Murray King’s cabinet making business took him from one coast of Canada to the other, and rather than return to Spruce Grove, Alberta, with empty trailers, King began filling them up with interesting and derelict cars he found in his travels. Before long, his focus shifted from woodworking to metal working, and Kustom King automotive restorations was born. Now, after four decades of buying cars, King will sell the 550 cars in his collection (combined with another 87 cars from A-Riverside, his neighbor’s business) in a two-day auction set to begin on Saturday, August 16.
Most auctions of this scope focus on a single brand, but King’s collection is far more diverse than that. Chevrolets make up the largest percentage of his collection, with 141 Bowties from 1932 through 1977 set to cross the block, but Ford isn’t too far behind. The blue oval brand is represented by 106 vehicles, dating from 1928 through 1969, and other makes include Pontiac (70 cars, from 1937-’72), Buick (50 cars, from 1941-’72), Mercury (39 cars, from 1950-’68), Oldsmobile (36 cars, from 1935-’70), Cadillac (24 cars, from 1951-’64), Lincoln (15 cars, from 1954-’62), Dodge (14 cars, from 1937-’74), Chrysler (12 cars, from 1941-’62), Plymouth (11 cars, from 1932-’73), and GMC (four trucks, from 1941-’81).
Lumped into an “Other” category are brands like Essex, Fiat, De Soto, Packard, Fargo, REO, Willys, Hillman, Studebaker, Austin, Morris, Nash, Rambler, Mercedes and Nissan. Though this phrase is used a bit too much, the Kustom King sale really will offer something for everyone.
And then there’s the inventory of A-Riverside Auto Enterprises, located across the road from Kustom King. Though focused primarily on trucks, the 87 offerings from A-Riverside will also include both domestic and foreign automobiles from the 1940s through 2001. Still, truck collectors will want to take heed, as the lots are set to include everything from a 1929 Standard REO SpeedWagon Coca-Cola delivery truck through a 1997 GMC 3500HD, with a wide variety of heavy-duty inventory to choose from.
Though Kustom King is selling off its used car inventory, the shop (which specializes in restorations and custom builds) isn’t going away. In fact, King advises that with Alberta’s current oil boom, business has never been better, as mechanics from the oil fields have plenty of discretionary income to spend on custom cars.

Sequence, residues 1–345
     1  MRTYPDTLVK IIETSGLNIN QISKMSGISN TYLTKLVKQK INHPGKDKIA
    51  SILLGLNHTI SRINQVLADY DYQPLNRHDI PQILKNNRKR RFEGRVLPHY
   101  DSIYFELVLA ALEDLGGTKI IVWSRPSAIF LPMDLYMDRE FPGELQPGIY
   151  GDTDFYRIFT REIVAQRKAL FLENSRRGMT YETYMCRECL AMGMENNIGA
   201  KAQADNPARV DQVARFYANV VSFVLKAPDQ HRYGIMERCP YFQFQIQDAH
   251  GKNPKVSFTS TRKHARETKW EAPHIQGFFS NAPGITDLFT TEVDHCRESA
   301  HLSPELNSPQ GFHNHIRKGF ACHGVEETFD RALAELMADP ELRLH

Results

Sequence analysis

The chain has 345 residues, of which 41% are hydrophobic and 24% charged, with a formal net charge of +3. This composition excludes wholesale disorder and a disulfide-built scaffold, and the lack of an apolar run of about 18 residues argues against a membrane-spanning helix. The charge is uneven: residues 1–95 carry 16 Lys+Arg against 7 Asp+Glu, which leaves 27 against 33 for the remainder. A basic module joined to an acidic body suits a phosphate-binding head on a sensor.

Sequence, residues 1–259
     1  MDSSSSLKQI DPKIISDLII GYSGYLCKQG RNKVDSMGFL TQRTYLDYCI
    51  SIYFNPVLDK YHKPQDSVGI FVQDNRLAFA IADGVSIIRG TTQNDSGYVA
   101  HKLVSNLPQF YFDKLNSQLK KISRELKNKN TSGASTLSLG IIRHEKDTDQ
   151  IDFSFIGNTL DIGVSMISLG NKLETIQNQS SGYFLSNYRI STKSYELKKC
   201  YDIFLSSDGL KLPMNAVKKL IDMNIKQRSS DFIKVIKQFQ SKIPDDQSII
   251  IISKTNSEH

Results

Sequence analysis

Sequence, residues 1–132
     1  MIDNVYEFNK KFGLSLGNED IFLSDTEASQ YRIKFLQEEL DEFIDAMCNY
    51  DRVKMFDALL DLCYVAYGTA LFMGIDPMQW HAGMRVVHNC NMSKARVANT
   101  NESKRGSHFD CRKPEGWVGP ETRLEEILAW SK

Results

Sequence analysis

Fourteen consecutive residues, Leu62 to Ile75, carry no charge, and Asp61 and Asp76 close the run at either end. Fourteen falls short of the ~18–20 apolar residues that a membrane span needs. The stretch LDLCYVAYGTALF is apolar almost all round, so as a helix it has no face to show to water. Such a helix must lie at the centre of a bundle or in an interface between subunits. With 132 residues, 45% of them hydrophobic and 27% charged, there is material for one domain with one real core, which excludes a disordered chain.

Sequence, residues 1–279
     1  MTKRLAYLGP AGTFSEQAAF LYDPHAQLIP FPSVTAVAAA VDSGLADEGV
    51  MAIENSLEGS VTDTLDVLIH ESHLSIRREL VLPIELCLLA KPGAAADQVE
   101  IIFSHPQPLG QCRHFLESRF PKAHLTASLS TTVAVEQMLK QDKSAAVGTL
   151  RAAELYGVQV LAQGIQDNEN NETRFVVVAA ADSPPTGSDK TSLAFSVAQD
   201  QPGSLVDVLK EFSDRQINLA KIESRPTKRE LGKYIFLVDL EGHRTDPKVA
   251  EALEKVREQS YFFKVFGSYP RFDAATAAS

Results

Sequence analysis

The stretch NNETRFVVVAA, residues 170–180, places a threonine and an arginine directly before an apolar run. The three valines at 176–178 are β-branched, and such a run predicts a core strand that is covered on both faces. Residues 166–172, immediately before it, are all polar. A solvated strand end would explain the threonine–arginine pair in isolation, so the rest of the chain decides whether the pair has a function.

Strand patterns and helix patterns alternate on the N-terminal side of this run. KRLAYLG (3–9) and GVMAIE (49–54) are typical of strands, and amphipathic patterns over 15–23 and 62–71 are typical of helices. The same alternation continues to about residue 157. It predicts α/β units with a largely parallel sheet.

Though the shop once built rods and customs to sell at auctions in the United States, back when the street rod market was strong and the Canadian dollar was weak, the days of building cars on speculation are over. As King put it, “There’s too much risk and too little profit” in trying to anticipate what buyers will fight over at auction.
1969 Ford Mustang convertible.
Kustom King also houses So-Cal Speed Shop Canada, as King cut a deal with Pete Chapouris in 2008 to become the exclusive Canadian distributor for So-Cal Speed Shop products. Ultimately, that means the 550 cars on his 5.5-acre property are more of a distraction than a necessity because King doesn’t part them out to the general public. Now that he’s past the seven decade mark in age, King has also come to the realization that he won’t live long enough to see them all restored.
1972 Plymouth Duster 1973 Dodge Dart Sport 340.
When asked, “Why sell the collection now?” King’s response was understandable. “I paid $35,000 for this property 35 years ago,” he said, “and I’ve been offered $1.3 million for a portion of it. The question isn’t ‘Why would I sell?’ but rather ‘why wouldn’t I sell?’”
1929 REO SpeedWagon. Photo courtesy Sekura Auctions.
As for any inventory that remains after the sale, King isn’t concerned. The city of Spruce Grove isn’t pressuring him to pare down his collection (which, King advises, undergoes environmental testing every few years), and even after selling off a portion of his land, King will still have three acres to house the inventory that doesn’t sell at auction.
1952 International cement truck. Photo courtesy Sekura Auctions.
A-Riverside is in a similar pressure-free position, but is taking advantage of the Kustom King sale to reduce its own inventory. As Sekura Auction’s Andrew Reeleder explained, “Ron Stropel (owner of A-Riverside) has always focused on trucks, while Murray King has focused on cars. When the Kustom King auction was announced, it just made sense for A-Riverside to capitalize on shared marketing and a shared auction venue.”